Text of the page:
As a longtime poultry fancier, I thought I would try my hand at counting some chickens before they are hatched. As I see it, there are three likely alternative outcomes to the election that is now only two weeks away: first, that the Democrats elect Biden but the Republicans hold the Senate; second, that the Democrats elect Biden and just manage barely to take the Senate with 50 or 51 senators; and third, that the Democrats elect Biden and emerge from the election with 52 senators or more.
The first alternative is so horrible that I shall not comment on it here unless and until it happens. The second alternative poses a serious problem because senators Joe Manchin and Diane Feinstein have said they will not vote to eliminate the filibuster. I can imagine some political horsetrading that would get them to come around but I don’t honestly know how likely that would be. The third alternative opens up great possibilities and also poses interesting problems. Let me talk about that one (when you are counting chickens before they hatch, you get to choose the most promising eggs.)
If the Democrats hold the House, take the Senate with 52 votes or more, and win the presidency what is likely to happen? When Biden takes office on January 20, he will face a double crisis that demands immediate action, namely the medical crisis and the economic crisis. Although his natural instinct, honed by a lifetime in politics, will be to reach across the aisle to his friends on the Republican side and work to form a bipartisan consensus, a process that would take 6 to 9 months and end in failure, he is not going to be able to take that route because the crises will be both immediate and overwhelming. Since he will get no cooperation from the Republicans, certainly not in the first month or two of his presidency, he will be compelled to push for an end to the filibuster and then for rapid passage of a series of measures designed to save the country. This will include some major revision of the Affordable Care Act well before the Supreme Court hands down the decision on its constitutionality and also an immediate multitrillion dollar stimulus package of the sort that the Congress has already passed once before.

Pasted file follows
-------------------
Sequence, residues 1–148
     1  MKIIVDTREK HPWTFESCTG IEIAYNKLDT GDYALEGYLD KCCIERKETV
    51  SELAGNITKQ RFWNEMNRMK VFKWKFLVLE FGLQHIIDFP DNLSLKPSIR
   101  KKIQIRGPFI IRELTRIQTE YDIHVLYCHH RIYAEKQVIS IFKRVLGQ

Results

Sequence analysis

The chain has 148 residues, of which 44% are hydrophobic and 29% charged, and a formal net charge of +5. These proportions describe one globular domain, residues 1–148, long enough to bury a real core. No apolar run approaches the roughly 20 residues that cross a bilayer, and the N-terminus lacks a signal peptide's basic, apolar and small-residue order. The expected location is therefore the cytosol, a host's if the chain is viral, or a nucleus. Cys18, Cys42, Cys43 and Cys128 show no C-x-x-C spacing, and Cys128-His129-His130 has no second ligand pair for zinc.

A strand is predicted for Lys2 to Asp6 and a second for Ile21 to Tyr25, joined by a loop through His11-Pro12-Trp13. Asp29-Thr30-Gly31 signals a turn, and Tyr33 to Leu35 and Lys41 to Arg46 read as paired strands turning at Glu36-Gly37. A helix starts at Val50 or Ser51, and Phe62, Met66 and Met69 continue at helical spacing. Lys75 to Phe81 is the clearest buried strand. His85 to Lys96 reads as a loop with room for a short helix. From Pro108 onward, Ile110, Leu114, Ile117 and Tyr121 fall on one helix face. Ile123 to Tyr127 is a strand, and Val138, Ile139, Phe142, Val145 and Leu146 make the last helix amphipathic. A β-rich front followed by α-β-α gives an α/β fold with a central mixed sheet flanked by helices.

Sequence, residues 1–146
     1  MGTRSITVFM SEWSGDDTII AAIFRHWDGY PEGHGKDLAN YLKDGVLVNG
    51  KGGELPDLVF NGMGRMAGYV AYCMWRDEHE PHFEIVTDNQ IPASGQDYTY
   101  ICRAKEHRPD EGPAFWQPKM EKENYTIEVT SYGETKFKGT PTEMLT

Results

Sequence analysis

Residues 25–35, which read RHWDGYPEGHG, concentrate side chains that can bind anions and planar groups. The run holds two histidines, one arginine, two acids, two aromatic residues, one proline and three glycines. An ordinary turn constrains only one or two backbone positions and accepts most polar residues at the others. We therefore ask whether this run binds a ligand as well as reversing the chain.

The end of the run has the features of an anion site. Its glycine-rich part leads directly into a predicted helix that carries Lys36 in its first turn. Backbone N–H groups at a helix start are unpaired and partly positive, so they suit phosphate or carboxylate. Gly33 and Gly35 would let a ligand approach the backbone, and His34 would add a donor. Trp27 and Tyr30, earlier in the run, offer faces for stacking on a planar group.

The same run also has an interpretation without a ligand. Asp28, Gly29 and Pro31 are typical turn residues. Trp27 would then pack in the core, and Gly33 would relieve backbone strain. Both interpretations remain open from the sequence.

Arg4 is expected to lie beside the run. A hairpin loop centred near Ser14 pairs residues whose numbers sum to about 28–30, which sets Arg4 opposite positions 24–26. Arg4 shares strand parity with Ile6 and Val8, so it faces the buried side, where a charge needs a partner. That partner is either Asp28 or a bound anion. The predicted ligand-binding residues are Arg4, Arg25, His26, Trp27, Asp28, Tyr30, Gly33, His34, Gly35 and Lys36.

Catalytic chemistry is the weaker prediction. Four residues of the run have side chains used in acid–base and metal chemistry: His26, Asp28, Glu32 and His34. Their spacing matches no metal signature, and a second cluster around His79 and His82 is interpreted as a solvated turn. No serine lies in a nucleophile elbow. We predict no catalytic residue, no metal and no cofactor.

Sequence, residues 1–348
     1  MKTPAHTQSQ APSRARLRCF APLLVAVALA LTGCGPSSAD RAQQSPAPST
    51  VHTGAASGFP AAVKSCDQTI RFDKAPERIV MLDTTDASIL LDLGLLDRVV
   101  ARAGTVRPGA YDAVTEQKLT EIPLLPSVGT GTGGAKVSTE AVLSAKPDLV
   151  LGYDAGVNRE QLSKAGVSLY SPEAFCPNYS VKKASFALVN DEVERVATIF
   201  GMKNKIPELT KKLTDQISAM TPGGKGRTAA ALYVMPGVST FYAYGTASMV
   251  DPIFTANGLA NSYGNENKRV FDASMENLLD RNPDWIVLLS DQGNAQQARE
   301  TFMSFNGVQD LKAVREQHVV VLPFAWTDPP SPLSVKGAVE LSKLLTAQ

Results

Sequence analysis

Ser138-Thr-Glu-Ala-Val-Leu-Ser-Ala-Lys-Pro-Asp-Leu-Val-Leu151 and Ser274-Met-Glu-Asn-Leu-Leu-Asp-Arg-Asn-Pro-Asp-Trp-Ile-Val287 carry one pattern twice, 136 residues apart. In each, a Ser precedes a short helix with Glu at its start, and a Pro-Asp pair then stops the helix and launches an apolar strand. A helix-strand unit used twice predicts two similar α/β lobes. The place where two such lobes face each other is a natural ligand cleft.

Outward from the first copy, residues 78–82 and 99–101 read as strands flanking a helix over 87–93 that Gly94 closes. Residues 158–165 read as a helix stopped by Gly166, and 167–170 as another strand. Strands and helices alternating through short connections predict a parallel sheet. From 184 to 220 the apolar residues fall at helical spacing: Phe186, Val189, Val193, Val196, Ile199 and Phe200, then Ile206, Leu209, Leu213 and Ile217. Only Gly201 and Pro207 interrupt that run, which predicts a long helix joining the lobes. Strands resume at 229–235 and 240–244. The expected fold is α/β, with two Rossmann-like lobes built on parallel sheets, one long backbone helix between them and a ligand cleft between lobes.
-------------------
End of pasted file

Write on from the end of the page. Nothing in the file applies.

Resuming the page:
On the basis of Biden’s rhetoric, which I tend to believe, he will also seek to pass major economic legislation including an infrastructure bill, and here the normal political negotiation and give-and-take will occur.
After the first several months of heady bill passing, with Democratic Party self-congratulation and mutual back slapping all around, the currently papered over deep splits between the progressive and centrist wings of the party will quite naturally reemerge and then the real long-term work of those of us on the left will begin. How that turns out in the end will depend not on the character of Joe Biden but on the energy we can generate, the organization we can maintain, and the number of votes we can draw in the midterm elections of 2022.
Meanwhile, something weird is going to be happening to the Republican Party and I really have difficulty figuring out even in a speculative mode what that is going to be. A great deal depends on whether Trump fades from view and ceases almost immediately to be an important factor in American politics, which I think is genuinely possible, or whether on the other hand he remains a force commanding as much as 20% of the voting public. I am absolutely convinced that when he loses (God, I hope I am not jinxing things by saying "when" rather than "if") he will turn his fury on those whom he thinks betrayed him, and that means not the Democrats – whom he views as enemies – but his fellow Republicans. Ben Sasse and Ted Cruz have already started positioning themselves for the 2024 presidential race but unless the Republican Party can keep together the 45% of the voting public that supports them, neither of them nor any other Republican candidate will have the slightest chance of winning a national election. I cannot at this point imagine a realignment of the parties that would make a place for the Trumpy 20%.
Well, I have broken enough eggs to make an omelette so perhaps it is time to stop.